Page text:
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Old 07-04-14, 11:00 AM
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Originally Posted by fietsbob
& door No.3 buy the straight bar bike & have trekking bars swapped in place of the straight bars
in the shop before you take it home..
Or even go whole hog and put on some drops and brifters...

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Old 07-04-14, 11:43 AM
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​Thanks for all the input so far.Hardtail w/o front lock out. The bike has a range of 17-100 gear inches. The rider obviously has a little trouble with the high end and is thankful for the bottom end. I've been eyeing an old Fuji American (because those old bikes came in some very large frame sizes) and noted that the top of it's gear range is 101. So its basicaly the same. I can only have one bike because it rides in the sleeper of my tractor/trailer. Its the one toy I take along with me. Drops don't really appeal to me as my seat is quite high and my neck hurts when thebars are so low, havIing added a steerer extender to my current ride already.
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Old 07-04-14, 11:50 AM
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Originally Posted by Rider_1
I keep forgetting that I am in the general forum.

I like to ride for distance, at a good speed. In that regard, I am always surprised at how many people don't ride road bikes. What are people afraid of? If you are interested in anything approaching touring or distance riding (eg. I'll usually ride ~100Km with few stops/rests), you can't beat a road bike. They are just so much more comfortable and efficient. I have had mountain bikes, and currently have a flat bar road bike as well as my regular road bike, and there is no way that they provided the same level of fitness, mostly because they broke me rather than built me up. By that, I mean that after 10-15 KM on a MTB, my knees were killing me because the bike was so damn heavy. You can't reach your fitness goals if the activity is injuring you.
Seems like gearing choices, saddle height, q-factor might be more likely culprits besides just the weight of the bike when it comes to knee pain.


Originally Posted by Rider_1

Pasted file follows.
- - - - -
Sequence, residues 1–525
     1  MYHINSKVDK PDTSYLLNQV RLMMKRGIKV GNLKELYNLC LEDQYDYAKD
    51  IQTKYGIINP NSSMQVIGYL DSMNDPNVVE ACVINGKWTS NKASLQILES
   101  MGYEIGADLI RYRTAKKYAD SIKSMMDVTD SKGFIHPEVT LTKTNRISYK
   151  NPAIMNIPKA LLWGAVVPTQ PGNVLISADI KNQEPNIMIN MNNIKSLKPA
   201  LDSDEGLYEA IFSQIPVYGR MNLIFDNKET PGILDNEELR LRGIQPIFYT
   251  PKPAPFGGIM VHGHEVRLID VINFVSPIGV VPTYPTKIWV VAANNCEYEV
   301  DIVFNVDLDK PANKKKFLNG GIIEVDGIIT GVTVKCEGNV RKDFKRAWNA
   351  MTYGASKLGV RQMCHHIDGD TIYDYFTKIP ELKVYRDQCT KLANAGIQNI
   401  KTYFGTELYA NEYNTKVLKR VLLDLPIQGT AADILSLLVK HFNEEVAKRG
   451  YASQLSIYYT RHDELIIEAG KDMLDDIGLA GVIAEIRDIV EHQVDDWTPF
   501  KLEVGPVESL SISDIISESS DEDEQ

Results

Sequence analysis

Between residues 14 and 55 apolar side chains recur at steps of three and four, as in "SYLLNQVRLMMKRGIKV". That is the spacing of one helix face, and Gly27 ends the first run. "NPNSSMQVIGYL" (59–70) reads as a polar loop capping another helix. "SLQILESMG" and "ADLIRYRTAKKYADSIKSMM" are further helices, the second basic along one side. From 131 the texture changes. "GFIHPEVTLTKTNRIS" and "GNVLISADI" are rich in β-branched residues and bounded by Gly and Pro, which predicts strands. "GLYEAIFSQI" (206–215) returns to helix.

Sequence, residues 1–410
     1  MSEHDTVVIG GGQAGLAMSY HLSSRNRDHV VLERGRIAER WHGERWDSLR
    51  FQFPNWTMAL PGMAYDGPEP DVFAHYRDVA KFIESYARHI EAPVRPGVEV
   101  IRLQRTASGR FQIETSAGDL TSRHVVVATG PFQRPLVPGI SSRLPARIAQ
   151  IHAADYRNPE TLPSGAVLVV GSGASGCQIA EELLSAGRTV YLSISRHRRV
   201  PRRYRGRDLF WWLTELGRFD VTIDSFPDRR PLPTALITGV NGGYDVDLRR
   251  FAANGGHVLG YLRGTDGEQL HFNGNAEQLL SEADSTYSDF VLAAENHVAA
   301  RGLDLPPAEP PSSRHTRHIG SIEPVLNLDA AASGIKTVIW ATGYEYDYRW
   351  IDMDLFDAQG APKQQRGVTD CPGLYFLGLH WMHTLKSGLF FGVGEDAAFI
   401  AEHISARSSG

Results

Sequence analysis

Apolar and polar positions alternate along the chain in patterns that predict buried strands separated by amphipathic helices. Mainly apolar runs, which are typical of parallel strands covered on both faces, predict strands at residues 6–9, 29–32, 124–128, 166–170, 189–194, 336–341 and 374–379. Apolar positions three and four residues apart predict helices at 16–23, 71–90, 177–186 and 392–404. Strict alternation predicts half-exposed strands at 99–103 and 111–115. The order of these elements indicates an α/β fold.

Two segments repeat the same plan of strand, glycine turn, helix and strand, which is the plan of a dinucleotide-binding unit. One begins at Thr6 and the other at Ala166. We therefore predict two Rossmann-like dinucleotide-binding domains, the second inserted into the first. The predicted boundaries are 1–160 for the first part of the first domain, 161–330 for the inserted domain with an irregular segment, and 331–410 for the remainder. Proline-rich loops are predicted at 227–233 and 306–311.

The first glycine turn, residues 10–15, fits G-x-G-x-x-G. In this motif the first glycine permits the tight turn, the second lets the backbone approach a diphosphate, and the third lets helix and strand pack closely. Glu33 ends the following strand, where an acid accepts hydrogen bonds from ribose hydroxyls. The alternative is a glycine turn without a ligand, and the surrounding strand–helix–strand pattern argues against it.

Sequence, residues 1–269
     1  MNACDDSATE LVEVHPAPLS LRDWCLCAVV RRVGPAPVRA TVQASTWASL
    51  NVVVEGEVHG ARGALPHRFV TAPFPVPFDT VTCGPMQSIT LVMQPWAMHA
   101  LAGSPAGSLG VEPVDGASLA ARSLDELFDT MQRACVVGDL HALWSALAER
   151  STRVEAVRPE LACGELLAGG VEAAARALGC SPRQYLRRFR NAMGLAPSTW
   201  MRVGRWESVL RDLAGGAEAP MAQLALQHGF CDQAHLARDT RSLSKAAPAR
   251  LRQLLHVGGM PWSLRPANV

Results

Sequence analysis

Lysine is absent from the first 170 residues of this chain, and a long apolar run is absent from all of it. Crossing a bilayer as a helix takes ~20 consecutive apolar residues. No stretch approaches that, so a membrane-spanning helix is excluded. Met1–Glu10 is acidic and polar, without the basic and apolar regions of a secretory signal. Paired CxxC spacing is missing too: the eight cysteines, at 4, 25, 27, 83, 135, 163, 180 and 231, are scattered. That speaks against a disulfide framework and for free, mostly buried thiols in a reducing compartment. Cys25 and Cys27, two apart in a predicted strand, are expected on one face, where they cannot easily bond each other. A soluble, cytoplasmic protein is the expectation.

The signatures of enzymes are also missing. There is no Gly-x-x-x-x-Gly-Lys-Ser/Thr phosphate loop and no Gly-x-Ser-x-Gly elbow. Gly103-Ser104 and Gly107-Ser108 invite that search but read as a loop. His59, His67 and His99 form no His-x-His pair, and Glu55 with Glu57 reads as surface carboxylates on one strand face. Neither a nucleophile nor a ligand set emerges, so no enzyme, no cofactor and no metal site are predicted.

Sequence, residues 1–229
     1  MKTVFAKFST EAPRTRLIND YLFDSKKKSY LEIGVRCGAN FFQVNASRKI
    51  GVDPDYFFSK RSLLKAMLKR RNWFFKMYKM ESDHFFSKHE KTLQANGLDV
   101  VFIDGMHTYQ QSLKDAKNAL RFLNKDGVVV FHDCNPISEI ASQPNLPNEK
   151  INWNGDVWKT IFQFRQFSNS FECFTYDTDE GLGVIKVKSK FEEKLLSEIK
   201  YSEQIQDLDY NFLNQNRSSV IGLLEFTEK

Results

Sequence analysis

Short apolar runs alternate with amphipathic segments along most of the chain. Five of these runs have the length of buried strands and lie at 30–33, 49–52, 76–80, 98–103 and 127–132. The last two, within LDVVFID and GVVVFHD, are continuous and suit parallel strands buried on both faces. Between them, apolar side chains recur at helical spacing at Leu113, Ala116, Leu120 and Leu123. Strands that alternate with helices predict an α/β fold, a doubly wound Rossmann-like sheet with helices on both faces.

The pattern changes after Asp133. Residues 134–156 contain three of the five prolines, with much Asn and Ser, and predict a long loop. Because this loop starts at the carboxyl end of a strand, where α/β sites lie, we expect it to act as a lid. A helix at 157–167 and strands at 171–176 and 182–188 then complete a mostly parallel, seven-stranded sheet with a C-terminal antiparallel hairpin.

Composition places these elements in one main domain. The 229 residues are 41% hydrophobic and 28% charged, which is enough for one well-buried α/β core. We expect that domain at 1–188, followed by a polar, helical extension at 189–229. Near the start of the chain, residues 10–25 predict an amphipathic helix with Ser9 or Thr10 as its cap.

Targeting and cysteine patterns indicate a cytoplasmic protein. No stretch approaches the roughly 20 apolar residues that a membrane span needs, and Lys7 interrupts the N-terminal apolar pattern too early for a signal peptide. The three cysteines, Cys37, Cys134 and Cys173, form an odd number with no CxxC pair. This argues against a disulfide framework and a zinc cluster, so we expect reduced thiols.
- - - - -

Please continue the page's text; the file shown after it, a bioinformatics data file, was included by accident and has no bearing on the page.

Would you run a marathon in work boots and carrying a fridge?
No, but if that's what riding an MTB is like for you then you have the wrong MTB. Must be rolling an AM or DH rig instead of an XC model.
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Old 07-04-14, 12:15 PM
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[QUOTE=LesterOfPuppets;16908184]Or even go whole hog and put on some drops and brifters...

[/QUOT
E]

That's a hot looking bike. Are those 26" wheels? The big chainring looks huge in comparison.
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Old 07-04-14, 12:17 PM
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Originally Posted by LesterOfPuppets
35 pounds? Egads!

My MTB and roadie aren't as different from each other as that. Both rigid and steel. 24 lb MTB. 21 lb roadie.




Other than psychological, your bikes are essentially the same with the biggest difference being up right position windage on the mtb (and maybe some rolling friction). Which to say, they are the same if you ride the roadie upright on the bars. My MTB is heavier, has hurky build with heavier wheels, tires, suspension forks, disc brakes, etc. more mass as well as way more windage. But I actually kept track of over 155 rides on the same course (14 miles) and the roadie was 7% faster. Say 1 mph+ which squares with the general quote of 1-1.5 mph faster (I'm on slicks, not knobbies). Because the course is flat I attributed that to mostly windage and some weight (acceleration & rotating mass). FYI, the 8-14 mph headwinds with gusts higher that I commonly get on that course are the real equalizers. 7-8 miles of that at 13-15 mph is a real workout.
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Old 07-04-14, 02:29 PM
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Originally Posted by Rider_1